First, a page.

Commerzbank expects high burdens from Polish subsidiary

Commerzbank headquarters in Frankfurt

Despite the expected one-off charges, Commerzbank is sticking to its annual target.

Frankfurt Commerzbank has to digest high burdens again at its Polish subsidiary M-Bank. Because of a new law to suspend installment payments for real estate loans, M-Bank expects negative income of 210 to 290 million euros in the third quarter, as the institute announced on Friday. The operating result of Commerzbank will then be burdened in the corresponding amount.

“Unfortunately, the changed legislation in Poland is causing significant one-off costs,” said Commerzbank Vice President Bettina Orlopp. “In view of the ongoing good development of our operating business, we still expect consolidated earnings of more than one billion euros for the full year.”

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If this were to happen, Commerzbank – like many other financial institutions – could increase its general risk provision and collect its annual targets. On August 3, the institute will present its half-year figures and express its expectations for the remainder of the year.

Due to low interest rates in Switzerland, many Poles took out loans in Swiss francs to finance their homes. Then the national currency, the zloty, lost a lot of value against the Swiss franc, increasing the burden on home builders. Many borrowers then took action against Polish financial institutions because of possibly unlawful clauses. M-Bank therefore had to increase its risk provisions several times.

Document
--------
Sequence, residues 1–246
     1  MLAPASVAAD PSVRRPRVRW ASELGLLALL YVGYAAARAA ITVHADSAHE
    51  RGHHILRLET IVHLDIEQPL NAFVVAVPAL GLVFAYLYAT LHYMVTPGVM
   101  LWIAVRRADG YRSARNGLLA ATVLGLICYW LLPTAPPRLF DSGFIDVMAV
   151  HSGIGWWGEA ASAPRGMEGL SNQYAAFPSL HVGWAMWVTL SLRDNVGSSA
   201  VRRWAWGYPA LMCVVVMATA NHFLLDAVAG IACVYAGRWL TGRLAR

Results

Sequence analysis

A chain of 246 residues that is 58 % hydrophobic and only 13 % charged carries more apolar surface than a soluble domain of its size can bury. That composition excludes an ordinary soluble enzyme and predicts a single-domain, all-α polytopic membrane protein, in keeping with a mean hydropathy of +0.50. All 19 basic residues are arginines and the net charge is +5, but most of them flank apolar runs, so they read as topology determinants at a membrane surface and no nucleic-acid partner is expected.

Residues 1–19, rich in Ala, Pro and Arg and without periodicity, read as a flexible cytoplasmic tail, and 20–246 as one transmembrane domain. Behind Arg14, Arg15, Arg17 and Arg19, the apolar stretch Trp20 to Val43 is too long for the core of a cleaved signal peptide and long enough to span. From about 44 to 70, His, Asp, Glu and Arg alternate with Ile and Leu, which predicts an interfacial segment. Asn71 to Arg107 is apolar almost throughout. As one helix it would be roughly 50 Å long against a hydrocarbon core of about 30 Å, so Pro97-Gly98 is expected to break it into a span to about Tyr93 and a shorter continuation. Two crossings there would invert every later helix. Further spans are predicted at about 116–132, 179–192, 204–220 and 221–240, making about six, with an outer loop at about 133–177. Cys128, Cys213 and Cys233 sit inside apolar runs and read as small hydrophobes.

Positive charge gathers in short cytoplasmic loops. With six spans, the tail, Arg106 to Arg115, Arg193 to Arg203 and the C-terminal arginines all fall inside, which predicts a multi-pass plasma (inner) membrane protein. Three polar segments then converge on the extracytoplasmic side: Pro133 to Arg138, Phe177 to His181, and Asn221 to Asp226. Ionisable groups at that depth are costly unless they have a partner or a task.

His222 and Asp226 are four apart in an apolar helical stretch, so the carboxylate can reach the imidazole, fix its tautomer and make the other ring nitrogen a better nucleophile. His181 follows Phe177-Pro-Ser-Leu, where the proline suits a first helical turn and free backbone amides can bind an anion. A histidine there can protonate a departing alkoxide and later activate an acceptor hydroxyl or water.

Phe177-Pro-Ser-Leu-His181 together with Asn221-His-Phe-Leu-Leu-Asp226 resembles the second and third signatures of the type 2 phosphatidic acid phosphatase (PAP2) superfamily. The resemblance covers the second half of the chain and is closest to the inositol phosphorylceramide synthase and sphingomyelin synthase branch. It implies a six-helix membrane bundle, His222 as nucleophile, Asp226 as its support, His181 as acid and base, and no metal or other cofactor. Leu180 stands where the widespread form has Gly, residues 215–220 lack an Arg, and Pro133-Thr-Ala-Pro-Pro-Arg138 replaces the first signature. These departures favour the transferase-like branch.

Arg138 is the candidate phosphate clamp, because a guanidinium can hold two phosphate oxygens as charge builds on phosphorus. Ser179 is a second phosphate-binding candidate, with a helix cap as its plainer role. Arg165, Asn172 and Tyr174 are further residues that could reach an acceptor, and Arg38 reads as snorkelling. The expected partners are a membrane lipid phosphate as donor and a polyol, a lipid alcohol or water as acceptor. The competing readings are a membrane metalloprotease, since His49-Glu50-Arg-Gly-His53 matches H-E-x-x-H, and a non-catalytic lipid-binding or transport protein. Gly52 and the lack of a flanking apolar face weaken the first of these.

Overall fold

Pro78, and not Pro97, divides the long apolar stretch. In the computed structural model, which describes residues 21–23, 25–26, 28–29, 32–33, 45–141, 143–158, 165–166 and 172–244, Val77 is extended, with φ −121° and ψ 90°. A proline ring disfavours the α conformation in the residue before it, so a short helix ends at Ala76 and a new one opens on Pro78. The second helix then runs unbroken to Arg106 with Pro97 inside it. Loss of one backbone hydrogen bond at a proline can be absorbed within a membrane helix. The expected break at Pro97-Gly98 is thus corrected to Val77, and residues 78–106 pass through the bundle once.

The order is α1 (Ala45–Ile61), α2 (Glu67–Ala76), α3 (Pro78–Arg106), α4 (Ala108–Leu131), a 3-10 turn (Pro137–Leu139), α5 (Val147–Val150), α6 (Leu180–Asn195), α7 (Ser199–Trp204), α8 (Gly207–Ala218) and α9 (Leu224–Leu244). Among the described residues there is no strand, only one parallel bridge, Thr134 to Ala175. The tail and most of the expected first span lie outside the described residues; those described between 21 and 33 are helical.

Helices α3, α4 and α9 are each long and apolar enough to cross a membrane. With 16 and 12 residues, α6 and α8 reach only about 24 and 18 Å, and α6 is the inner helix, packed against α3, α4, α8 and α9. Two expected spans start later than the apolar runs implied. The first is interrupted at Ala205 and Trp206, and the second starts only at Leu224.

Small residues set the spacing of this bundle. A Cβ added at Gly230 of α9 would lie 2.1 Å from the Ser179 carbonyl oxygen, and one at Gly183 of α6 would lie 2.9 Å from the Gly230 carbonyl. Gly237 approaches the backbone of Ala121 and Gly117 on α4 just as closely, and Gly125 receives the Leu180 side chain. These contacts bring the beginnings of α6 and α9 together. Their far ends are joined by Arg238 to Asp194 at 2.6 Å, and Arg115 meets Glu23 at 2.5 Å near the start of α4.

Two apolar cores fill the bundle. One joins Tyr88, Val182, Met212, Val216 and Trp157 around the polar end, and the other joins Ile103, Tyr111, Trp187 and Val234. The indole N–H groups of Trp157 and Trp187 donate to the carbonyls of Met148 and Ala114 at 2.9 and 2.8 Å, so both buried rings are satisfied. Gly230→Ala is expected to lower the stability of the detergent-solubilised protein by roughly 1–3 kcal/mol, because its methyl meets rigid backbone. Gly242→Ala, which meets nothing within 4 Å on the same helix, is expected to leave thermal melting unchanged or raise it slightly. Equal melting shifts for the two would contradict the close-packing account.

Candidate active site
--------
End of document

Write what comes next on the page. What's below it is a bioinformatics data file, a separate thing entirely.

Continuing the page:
A burden rarely comes alone

The current law is now about loans in zloty. It is part of a package of measures with which the government in Warsaw is reacting to high inflation and higher interest rates on loans. Poland’s central bank recently raised the key interest rate to 6.5 percent, putting many borrowers under pressure.

However, Commerzbank, like other financial institutions operating in Poland, finds it wrong that they are now supposed to grant deferrals to all borrowers – regardless of their financial situation. The Frankfurt Institute therefore wants to examine legal action “against this unusual regulation”.

In addition to the deferrals, Commerzbank in Poland must also pay money into a support fund for debtors in distress. Orlopp estimated the costs for this at 30 to 40 million euros at the beginning of June. In the second quarter, the bank also has to post an additional mandatory contribution of EUR 83 million for the supplement to the Polish deposit insurance.

Commerzbank holds 69.3 percent of M-Bank. Former CEO Martin Zielke announced a sale of the stake in 2019, but then called off the sale in May 2020.

Due to the dispute over Swiss franc loans and the outbreak of Corona, the M-Bank share price had fallen so sharply that Commerzbank was unable to achieve an attractive price. In addition, according to financial circles, the last remaining interested party, the second largest Polish bank Pekao, did not want to take on the risks associated with Swiss franc loans as part of a transaction.


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